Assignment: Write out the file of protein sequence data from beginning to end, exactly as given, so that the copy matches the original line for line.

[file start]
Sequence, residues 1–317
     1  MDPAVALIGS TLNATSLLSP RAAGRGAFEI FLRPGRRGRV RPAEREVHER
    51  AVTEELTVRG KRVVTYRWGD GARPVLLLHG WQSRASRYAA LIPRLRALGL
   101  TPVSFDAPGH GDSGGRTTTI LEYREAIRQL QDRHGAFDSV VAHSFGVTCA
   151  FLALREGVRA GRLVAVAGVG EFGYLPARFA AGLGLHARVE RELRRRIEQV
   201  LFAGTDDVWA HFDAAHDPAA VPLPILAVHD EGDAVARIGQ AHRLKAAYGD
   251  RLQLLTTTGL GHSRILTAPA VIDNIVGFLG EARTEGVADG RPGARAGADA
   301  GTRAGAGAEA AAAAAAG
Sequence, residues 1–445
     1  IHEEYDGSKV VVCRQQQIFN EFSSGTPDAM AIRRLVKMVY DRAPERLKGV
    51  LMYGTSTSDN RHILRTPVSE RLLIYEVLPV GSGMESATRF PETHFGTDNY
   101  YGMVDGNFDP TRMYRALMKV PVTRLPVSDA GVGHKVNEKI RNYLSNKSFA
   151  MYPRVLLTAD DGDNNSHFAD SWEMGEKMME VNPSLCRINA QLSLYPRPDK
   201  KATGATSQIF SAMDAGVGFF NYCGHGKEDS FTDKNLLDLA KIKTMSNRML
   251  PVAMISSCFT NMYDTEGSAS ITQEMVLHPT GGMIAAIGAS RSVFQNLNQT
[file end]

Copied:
Sequence, residues 1–317
     1  MDPAVALIGS TLNATSLLSP RAAGRGAFEI FLRPGRRGRV RPAEREVHER
    51  AVTEELTVRG KRVVTYRWGD GARPVLLLHG WQSRASRYAA LIPRLRALGL
   101  TPVSFDAPGH GDSGGRTTTI LEYREAIRQL QDRHGAFDSV VAHSFGVTCA
   151  FLALREGVRA GRLVAVAGVG EFGYLPARFA AGLGLHARVE RELRRRIEQV
   201  LFAGTDDVWA HFDAAHDPAA VPLPILAVHD EGDAVARIGQ AHRLKAAYGD
   251  RLQLLTTTGL GHSRILTAPA VIDNIVGFLG EARTEGVADG RPGARAGADA
   301  GTRAGAGAEA AAAAAAG
Sequence, residues 1–445
     1  IHEEYDGSKV VVCRQQQIFN EFSSGTPDAM AIRRLVKMVY DRAPERLKGV
    51  LMYGTSTSDN RHILRTPVSE RLLIYEVLPV GSGMESATRF PETHFGTDNY
   101  YGMVDGNFDP TRMYRALMKV PVTRLPVSDA GVGHKVNEKI RNYLSNKSFA
   151  MYPRVLLTAD DGDNNSHFAD SWEMGEKMME VNPSLCRINA QLSLYPRPDK
   201  KATGATSQIF SAMDAGVGFF NYCGHGKEDS FTDKNLLDLA KIKTMSNRML
   251  PVAMISSCFT NMYDTEGSAS ITQEMVLHPT GGMIAAIGAS RSVFQNLNQT